My homily from last Sunday, on the Annunciation of Mary from Luke 1:26-38.
“The holy one to be born to you will be called the Son of God.” With these words the Angel Gabriel announced the good news to Mary. We call this announcement The Annunciation and we call this good news Gospel. Mary was afraid. An otherworldly being stood before her, saying something very confusing. The virgin would conceive. This… cannot happen? Mary thought. Her son would be the Son of God. This… also cannot happen? Mary thought. How can a virgin conceive? How can the one and only God have a divine son? These are good questions, and as the foolish Seminarian I am supposed to try to answer them. But their answers lay beyond my reach, beyond your reach, beyond anybody’s reach. The incarnation of Christ is the first and deepest mystery of the Gospel. Like a cubist painting we can recognize shapes and broad forms, and explain what purpose it serves, but we cannot explain its parts either in isolation or according to the secret logic that holds them together. What does it mean that Mary’s baby will be the Son of God? While we cannot finally grasp this mystery, we can have what my dear friend Jacob called “an articulate unknowing.” An articulate unknowing. We can spell out the pieces as an offering to God, as our feeble attempt to say “Thank you God for this truth you have revealed to us, even though you have hidden it from the wisest of the world. Have these reflections of ours, though they are only wood, hay, and straw.”
What we have to understand about the Incarnation is that though language fails us Jesus is both God and human. This passage in Luke 1 stresses that Jesus is human: he is born of a human mother, takes on a real physical human body, and has a human cousin, who is John the Baptist. Another passage in Colossians 1 stresses that Jesus is divine: that passage reads: “The Son is the visible image of the invisible God, the firstborn over all creation. For in him all things were created: things in heaven and on earth, visible and invisible, whether thrones or powers or rulers or authorities; all things have been created through him and for him. He is before all things, and in him all things hold together.” This is what Gabriel’s words must mean, in the fullest sense, by that in Mary’s womb was the holy one who will be called the Son of God. Resting in Mary’s womb will be not just any baby but the one in whom all things hold together. Her son, though neither she nor we can grasp it, is the one through whom and for whom all things have been created. This infant, so tender and mild, will reign over the entire universe of which he is the cosmic center, and he will destroy all rivaling thrones and powers and rulers and authorities. Weighing some seven or eight pounds is God himself in human flesh.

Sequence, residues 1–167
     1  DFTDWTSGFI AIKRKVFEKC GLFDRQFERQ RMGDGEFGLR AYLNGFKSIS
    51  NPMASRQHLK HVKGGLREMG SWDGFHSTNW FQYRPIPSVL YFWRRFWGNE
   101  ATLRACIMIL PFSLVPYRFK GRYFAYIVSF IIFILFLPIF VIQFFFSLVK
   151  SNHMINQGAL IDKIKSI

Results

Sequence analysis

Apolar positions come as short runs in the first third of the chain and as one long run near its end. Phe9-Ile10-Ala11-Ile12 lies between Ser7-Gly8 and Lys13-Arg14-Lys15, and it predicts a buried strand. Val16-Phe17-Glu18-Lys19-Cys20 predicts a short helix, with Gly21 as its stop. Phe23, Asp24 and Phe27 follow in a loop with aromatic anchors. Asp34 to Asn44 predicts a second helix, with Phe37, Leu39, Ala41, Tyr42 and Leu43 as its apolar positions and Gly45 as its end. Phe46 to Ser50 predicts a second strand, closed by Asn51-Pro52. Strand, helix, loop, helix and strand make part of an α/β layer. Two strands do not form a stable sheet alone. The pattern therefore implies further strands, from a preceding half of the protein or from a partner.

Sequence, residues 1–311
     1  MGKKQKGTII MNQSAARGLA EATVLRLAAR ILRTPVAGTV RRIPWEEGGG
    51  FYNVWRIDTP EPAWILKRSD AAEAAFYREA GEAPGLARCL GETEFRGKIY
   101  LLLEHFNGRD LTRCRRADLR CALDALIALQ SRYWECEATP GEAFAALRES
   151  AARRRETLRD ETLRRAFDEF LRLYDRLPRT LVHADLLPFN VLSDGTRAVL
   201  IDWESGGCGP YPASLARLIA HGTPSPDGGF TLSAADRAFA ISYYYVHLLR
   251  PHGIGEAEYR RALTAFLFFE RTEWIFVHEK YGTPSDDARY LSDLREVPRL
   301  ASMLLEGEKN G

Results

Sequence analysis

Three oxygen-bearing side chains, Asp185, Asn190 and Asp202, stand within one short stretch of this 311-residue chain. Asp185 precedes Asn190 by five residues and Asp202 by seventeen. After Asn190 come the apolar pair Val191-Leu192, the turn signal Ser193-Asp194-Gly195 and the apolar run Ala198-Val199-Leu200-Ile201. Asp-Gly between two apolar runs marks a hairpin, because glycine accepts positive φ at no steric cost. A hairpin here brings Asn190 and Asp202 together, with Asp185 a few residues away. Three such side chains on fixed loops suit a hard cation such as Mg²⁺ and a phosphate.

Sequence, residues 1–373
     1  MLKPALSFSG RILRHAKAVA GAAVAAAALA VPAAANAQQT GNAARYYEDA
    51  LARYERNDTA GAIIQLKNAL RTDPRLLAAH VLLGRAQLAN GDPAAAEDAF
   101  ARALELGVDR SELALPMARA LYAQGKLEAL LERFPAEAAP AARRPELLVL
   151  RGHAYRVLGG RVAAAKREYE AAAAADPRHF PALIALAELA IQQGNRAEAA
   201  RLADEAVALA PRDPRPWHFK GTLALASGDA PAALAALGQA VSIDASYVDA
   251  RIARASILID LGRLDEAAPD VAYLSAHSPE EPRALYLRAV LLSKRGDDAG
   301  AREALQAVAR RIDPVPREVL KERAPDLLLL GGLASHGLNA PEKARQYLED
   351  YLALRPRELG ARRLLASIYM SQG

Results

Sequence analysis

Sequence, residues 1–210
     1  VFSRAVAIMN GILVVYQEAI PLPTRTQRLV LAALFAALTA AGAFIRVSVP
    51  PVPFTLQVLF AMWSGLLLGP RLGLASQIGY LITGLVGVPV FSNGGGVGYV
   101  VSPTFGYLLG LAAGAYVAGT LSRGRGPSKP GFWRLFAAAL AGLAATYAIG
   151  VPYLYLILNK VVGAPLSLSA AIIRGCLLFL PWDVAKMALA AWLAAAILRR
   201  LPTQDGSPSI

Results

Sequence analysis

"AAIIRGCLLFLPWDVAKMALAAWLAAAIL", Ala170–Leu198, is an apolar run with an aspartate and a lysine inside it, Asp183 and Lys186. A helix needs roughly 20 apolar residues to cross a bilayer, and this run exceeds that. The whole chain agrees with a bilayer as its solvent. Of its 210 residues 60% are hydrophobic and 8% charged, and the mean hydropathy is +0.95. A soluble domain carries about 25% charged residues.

Think about the contrast between Zechariah and Mary. Earlier in this chapter Zechariah was confronted by the Angel Gabriel and told he would have a son, though he and his wife were infertile. That is similar to Mary and Joseph, who will also have a miraculous conception. But Zechariah responds in disbelief. So Gabriel strikes him mute until their son is born. Meanwhile Mary responded not in disbelief but in faith seeking understanding. My friend Charles at Streetside Thursday last week pointed out that verse 34 does not say “How could this be,” but “How will this be?” Mary’s question is not disbelief but assumes that Gabriel is telling the truth. Yet she does not stop there. She trusts this message from God and wants to know more: “How will this be, since I am a virgin?” Mary’s faith is not faith full stop but faith seeking understanding. She is approaching a mystery, but after her question she will have “an articulate unknowing.” She will be able to hold in her heart this message from God through all the confusion in the months to come: that “the Holy Spirit will come upon you, and the power of the Most High will overshadow you. So the holy one to be born to you will be called Son of God… no word from God will ever fail.” Her potential rejection from Joseph and her almost certain rejection from her community will be scary and painful, and not finally understanding why this is happening will make things worse, yet this Word from God will never fail. Because she has it, she can trust God.